By Tim Winterstein –
There’s nothing quite as uncomfortable as watching someone who does awkward well. In comedy, consider both Steve Carell’s Michael Scott and Ricky Gervais’ David Brent on both the American and English versions of The Office. But Jim Cummings could teach a master class on dramatic and (within the world of the film) unintentional awkwardness—that is, he does teach a master class in his first full-length, Thunder Road (available for rent or purchase on iTunes or Amazon).
It started as a short film, of which a version became the first scene of the feature. Apparently, after that, it was sort of a meteoric rise for Cummings: Thunder Road won the Short Film Grand Jury prize at Sundance, won the Special Jury award and was nominated for the Grand Jury prize at SXSW (which the feature won), and played at Cannes. (You can watch the short here, and then you’ll want to watch the feature.)
Those first 12 minutes—I think I prefer the short version, where “Thunder Road” actually plays, although its omission is a thought-provoking choice—might be the reason why I do not allow eulogies during the funeral itself. Because you never know what people are going to say, and they’re often going to say things like, “She didn’t believe in any of this, but that’s okay.”
As far as I’m concerned, this single-shot scene is as close to perfect as it gets for a short film. The writing—or ad-libbing, I’m not sure—is perfect, and the delivery is as close to what I would expect from a real experience as possible. It feels like it was really captured at a funeral, not acted.
From there, it’s a slow, chaotic falling apart that opens up the possibility of healing at the end. Every scene with Cummings contains surprises because you never quite know what Jim Arnaud is going to do. He alternates between naivete, mature adult decisions, nearly unhinged, and moments of sweet thoughtfulness (my favorite is when he practices all night to be able to play a hand-clapping game with his daughter). Most of the time he’s close to sane, but a little off, as if Arnaud, rather than Cummings, is acting out the various roles he’s been given: parent, policeman, citizen, and son.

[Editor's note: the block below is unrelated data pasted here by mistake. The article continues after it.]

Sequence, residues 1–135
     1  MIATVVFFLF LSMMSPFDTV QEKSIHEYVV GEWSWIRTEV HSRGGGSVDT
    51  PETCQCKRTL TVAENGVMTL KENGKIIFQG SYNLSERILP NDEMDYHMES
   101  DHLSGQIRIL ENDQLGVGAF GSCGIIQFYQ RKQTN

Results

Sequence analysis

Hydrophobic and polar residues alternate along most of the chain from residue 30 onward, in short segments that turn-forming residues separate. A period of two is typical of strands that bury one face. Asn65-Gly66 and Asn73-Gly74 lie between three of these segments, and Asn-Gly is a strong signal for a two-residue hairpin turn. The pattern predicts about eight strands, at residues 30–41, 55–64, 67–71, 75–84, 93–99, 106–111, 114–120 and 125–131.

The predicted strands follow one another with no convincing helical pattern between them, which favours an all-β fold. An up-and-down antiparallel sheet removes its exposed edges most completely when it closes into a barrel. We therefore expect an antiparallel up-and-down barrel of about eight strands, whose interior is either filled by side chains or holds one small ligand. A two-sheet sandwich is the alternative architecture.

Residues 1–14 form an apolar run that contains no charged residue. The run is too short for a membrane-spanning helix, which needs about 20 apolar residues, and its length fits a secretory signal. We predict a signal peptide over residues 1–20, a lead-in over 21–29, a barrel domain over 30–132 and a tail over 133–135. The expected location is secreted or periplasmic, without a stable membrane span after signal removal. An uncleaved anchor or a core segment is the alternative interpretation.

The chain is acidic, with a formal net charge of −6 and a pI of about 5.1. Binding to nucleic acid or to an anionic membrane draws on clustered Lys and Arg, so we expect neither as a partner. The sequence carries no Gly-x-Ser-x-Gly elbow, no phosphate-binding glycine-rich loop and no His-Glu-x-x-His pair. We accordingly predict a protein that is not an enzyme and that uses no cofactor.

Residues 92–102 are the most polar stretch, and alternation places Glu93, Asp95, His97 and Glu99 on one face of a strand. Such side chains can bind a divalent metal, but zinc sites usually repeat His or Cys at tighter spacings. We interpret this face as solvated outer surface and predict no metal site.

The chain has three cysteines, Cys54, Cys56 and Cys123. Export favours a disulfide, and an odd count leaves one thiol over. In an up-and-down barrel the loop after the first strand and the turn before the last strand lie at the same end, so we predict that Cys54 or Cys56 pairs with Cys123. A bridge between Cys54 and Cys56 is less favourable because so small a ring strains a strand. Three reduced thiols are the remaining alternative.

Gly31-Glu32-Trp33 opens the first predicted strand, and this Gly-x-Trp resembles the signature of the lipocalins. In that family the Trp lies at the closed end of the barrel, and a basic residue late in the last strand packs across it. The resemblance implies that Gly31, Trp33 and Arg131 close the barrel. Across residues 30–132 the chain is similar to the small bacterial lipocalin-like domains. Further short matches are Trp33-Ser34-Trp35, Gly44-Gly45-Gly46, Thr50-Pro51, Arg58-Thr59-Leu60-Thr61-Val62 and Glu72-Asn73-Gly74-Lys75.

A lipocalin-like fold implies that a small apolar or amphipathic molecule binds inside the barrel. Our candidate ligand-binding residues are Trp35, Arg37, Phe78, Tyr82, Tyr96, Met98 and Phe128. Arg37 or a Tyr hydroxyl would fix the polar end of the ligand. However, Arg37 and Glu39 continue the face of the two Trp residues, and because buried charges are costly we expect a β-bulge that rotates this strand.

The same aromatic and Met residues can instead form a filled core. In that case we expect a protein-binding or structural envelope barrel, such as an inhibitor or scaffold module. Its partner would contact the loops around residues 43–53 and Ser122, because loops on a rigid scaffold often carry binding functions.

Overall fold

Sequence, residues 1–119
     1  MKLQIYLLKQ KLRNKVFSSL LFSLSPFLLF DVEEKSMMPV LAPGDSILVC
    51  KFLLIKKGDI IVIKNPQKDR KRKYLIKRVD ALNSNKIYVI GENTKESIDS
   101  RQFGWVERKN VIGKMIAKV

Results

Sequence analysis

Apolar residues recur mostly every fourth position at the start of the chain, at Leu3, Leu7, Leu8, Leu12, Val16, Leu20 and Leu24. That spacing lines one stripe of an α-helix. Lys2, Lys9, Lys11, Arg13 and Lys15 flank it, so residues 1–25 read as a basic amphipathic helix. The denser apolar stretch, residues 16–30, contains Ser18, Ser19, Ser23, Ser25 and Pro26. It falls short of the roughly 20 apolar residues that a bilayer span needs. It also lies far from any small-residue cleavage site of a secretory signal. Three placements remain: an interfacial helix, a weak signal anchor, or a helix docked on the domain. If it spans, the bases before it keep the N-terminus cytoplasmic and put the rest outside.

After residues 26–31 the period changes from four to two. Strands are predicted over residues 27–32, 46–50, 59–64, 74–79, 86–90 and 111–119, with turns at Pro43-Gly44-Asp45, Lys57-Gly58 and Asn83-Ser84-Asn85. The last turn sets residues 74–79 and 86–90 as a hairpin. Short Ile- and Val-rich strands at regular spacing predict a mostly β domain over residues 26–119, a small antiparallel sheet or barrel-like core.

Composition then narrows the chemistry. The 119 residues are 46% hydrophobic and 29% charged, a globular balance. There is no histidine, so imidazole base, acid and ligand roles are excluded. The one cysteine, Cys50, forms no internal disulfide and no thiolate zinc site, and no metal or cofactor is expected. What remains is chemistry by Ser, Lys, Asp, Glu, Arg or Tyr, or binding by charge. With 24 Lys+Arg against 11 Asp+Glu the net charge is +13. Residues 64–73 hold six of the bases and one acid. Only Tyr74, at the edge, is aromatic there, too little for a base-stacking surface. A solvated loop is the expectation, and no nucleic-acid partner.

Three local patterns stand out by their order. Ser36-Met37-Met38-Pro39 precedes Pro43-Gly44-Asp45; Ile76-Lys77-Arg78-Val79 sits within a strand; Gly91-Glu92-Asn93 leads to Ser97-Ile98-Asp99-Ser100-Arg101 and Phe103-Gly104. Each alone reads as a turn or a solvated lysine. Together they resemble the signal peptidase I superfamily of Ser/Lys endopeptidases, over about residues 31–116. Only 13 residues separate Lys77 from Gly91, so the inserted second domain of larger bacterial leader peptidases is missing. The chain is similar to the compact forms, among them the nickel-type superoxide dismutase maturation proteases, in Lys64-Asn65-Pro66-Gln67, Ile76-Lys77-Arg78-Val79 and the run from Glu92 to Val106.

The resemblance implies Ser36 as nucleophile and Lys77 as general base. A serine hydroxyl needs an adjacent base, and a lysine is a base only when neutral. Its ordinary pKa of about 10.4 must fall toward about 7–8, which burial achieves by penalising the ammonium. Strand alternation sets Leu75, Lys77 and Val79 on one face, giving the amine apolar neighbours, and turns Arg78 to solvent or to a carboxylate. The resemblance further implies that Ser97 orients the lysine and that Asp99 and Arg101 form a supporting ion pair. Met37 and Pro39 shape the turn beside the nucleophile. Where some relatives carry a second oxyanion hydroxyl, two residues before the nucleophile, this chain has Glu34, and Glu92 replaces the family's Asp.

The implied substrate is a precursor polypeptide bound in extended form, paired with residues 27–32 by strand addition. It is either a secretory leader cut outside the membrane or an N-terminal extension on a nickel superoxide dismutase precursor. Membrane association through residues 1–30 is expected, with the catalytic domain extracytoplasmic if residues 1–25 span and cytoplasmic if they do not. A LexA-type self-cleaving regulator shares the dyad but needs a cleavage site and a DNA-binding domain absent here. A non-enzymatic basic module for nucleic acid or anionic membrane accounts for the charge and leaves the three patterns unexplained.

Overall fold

It’s as if Arnaud has awakened to find himself in a life that he chose, but didn’t choose; a world where he knows his place, but feels out of place; a father playing the role of father with only the barest outline of what such a character would be like. And that’s part of what makes the film so interesting to me. It feels so far off from how people normally act, and yet it’s exactly how people act. It’s the strange point at which mundane reality meets the unbelievable—and that point is named Jim Arnaud.
Jim Cummings seems to have a knack for this characterization. After I saw the short version of Thunder Road, I watched another of his mostly single-shot shorts, The Robbery (lots of NSFW language, so you’re forewarned), which is part of a series of character-driven short films. I think It’s All Right, It’s OK is my other favorite. But Crystal’s character in The Robbery could have been a female version of Jim Arnaud: the perfect combination of decisive action and awkward unawareness. Rae Gray is a natural. It’s been a while since a film made me laugh out loud (yes, literally). The Robbery did.
So I’m looking forward to seeing how Cummings advances this sort of character into something else in his next work. For now, I can just watch Thunder Road over and over.